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 April 6, 2018

Call to order:  

Lee Sonnenberg called to order the meeting of the TSBVI Board Committee on Programs at 8:04 a.m. on April 6, 2018 in Room 104 of the Main Administration Building 600, 1100 W. 45th Street, Austin, Texas. 

Program Committee members Dr. Anne Corn and Caroline Daley were also present.

TSBVI staff members participating in the meeting were: Sara Merritt, Short-Term Programs Principal; Miles Fain, Comprehensive Programs Principal; Cyral Miller, Outreach Director; Susan Hauser, Center for School Resources Director; Valerie Perwein, Special Education Coordinator; Courtney Wilson, LSSP; Michael Clinkscales, Social Worker

Consideration of approval of minutes of the January 26, 2018 meeting:  

Ms. Daley moved that the minutes of the January 26, 2018 meeting be approved and Dr. Corn seconded the motion.  Committee members were in favor of the motion.

Consideration of approval of deletion of Policy FP: Student Fees, Fines and Charges:  

Dr. Corn moved to approve the deletion of the policy and Ms. Daley seconded the motion.  Committee members were in favor of the motion.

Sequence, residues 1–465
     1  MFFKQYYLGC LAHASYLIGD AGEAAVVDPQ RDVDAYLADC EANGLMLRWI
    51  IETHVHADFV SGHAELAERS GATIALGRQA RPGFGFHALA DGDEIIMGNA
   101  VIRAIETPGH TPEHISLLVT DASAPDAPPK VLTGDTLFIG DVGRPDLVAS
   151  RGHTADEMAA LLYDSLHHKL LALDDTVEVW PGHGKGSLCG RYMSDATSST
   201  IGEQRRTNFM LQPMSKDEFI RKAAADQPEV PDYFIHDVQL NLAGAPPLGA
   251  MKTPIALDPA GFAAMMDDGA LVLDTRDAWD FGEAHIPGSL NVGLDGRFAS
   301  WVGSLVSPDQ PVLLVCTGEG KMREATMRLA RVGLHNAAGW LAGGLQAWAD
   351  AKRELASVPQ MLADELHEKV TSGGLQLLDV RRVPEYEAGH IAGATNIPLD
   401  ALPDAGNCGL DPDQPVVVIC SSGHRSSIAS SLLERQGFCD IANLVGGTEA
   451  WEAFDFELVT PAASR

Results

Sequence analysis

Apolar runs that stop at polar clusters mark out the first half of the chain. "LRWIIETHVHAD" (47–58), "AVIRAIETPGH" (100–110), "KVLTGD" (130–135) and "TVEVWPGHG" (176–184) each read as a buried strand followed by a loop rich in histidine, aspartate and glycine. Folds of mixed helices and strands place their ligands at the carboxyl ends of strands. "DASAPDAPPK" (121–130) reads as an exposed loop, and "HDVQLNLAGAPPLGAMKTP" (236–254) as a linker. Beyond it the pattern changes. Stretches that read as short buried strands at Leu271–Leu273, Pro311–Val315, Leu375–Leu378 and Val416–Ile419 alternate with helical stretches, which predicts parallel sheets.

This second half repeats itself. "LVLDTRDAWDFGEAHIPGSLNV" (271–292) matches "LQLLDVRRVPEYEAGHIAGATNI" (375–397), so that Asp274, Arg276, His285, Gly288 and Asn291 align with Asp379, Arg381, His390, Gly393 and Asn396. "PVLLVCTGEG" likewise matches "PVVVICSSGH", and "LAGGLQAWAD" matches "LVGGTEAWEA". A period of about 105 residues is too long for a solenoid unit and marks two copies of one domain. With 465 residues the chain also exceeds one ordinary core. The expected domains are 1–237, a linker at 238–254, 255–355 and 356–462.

Consideration of approval of the school’s calendar for 2018-2019:  

Mr. Fain described the proposed 2018-2019 school calendar.  It is similar to last year’s calendar.  It is aligned with AISD calendar as much as possible, with a few differences, for example, the AISD winter break is shorter than the TSBVI winter break.  Ms. Daley asked how students attending AISD schools handle missed school days if TSBVI is on break when AISD is not.  Mr. Fain said that Haley Moberg, TSBVI teacher, works with AISD teachers to arrange for students to complete their work and exams. Next year, the AISD and TSBVI spring break will not align with South by Southwest (SXSW) in Austin, which might create problems with traffic, airline travel and other issues.  Mr. Fain mentioned that next year, AISD will require TSBVI to pay for students to attend AISD. 

Dr. Corn moved to approve the school calendar and Ms. Daley seconded the motion.  Committee members were in favor of the motion.

Report from Short-Term Programs Principal, Sara Merritt:  

Ms. Merritt gave a report on 2018 summer programs applications.  Applications for summer 2018 have closed.  Short-Term Programs has received 480 completed applications plus 103 incomplete applications.  For the 480 students with completed applications, 359 students were offered a summer programs place. So far, 11 of the students offered places have withdrawn, leaving 348 applicants.  Ms. Meritt predicts that Short-Term Programs may end up serving about 325 students this summer, which is less than last summer’s total of 345 participants. This smaller number of summer student is more aligned with the available summer programs budget.